Oman puts most foreign public sector consultants out of a job

05 June 2020 2 min. read

The government of Oman is stopping the large majority of its contracts with foreign consulting firms and independents, as the country scrambles to free up funds for its Covid-19 response. 

With a population of 4.7 million, Oman is one of the larger countries in the GCC. However, more than a third of the sultanate’s residents are expats, the most of which live and work in Muscat and the Batinah coastal plain northwest of the capital. 

New government policy is expected to see a surge in expats forced to leave Oman, as many are set to see their jobs slashed amid austerity spending cuts due to the Covid-19 induced downturn. According to the World Bank, Oman’s economy will “significantly contract” this year due to the oil price slide and a fallout of economic activity.

Meanwhile, fiscal deficits will remain under strain due to low oil and gas prices and is expected to markedly widen to over 17% of GDP in 2020, and with public spending on healthcare spiralling to curb the pandemic, public debt is estimated to exceed 70% of GDP at the end of this year.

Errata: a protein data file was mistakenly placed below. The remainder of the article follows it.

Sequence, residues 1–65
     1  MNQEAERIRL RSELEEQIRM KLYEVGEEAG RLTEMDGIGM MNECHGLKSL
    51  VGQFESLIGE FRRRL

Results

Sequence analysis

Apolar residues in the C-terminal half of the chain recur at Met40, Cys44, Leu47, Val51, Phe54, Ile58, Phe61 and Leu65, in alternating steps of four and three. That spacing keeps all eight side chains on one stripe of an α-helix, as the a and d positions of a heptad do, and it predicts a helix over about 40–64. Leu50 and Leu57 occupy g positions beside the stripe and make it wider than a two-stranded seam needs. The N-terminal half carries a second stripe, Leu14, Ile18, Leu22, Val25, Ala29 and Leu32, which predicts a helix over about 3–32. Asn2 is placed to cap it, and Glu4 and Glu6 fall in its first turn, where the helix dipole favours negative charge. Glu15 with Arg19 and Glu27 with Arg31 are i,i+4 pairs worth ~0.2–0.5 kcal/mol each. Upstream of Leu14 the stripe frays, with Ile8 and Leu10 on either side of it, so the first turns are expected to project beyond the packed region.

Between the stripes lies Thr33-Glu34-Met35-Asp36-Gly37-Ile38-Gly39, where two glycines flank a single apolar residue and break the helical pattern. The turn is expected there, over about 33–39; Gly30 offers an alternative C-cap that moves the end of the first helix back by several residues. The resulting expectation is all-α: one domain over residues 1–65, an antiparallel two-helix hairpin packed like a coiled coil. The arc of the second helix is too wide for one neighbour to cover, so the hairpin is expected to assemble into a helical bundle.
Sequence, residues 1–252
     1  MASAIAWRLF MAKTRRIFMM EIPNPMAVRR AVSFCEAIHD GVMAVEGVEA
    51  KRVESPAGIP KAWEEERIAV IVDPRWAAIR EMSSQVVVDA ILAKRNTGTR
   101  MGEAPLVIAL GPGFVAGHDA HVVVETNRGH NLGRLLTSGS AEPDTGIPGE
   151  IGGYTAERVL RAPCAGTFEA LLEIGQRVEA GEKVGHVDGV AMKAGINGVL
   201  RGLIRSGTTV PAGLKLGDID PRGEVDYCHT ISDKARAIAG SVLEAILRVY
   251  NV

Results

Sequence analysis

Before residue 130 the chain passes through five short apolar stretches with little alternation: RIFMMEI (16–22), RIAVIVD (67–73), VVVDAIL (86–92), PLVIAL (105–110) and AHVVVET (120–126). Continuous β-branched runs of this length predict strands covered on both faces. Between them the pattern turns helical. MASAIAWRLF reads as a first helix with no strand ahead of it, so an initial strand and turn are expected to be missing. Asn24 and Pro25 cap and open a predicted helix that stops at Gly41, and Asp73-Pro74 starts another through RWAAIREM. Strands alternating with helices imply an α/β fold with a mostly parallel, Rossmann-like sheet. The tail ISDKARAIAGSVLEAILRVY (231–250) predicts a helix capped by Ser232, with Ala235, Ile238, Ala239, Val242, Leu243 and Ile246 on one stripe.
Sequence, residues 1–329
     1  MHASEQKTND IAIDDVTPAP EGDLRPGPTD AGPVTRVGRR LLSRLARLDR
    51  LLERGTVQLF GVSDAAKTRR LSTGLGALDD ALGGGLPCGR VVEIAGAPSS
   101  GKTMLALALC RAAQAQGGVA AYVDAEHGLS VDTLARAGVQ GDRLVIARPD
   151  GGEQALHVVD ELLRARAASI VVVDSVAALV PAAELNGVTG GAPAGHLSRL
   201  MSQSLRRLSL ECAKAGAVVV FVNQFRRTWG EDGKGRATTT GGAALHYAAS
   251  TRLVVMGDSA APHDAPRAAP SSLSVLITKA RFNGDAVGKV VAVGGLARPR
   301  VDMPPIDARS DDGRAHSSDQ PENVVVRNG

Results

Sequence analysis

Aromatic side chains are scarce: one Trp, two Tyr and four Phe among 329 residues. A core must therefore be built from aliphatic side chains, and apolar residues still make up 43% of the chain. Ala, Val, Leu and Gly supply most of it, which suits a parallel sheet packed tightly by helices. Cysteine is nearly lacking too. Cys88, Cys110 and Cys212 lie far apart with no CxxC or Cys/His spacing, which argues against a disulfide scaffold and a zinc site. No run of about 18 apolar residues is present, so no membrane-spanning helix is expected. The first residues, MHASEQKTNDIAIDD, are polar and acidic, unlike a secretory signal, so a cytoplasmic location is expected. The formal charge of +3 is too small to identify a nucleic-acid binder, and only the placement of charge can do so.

Oman’s government sends 70% of foreign consultants home

In a bid to save costs, Oman’s government said it will not renew at least 70% of foreign experts and consultants working in all civil and government units, without exception. In addition, at least 70% of government consultants and experts who have served the government for 25 years or more will be brought into mandatory retirement. 

On top of the direct headcount savings, government ministries and institutions have been called on to where possible replace foreign workers with locals, in a move known as an ‘Omanization policy’ aimed at providing better opportunities for the state’s local citizens. 

According to analysis by, Oman has a fragmented consulting market. The top end of the market – served by large consulting firms – is valued at over $100 million, but the size of the market below the this segment is considerably larger, with many smaller foreign and domestic consultancies serving specialist needs. Also, a large share of foreign consultants works as an independent, meaning that a considerable base of fees flows to parties beyond the traditional firms. 

The announcement is the latest in a series of measures to cut public spending. Last month, Oman’s officials announced a 5% cut to the budgets of the armed forces, and cut other government spending in areas of infrastructure, tourism and real estate, among others.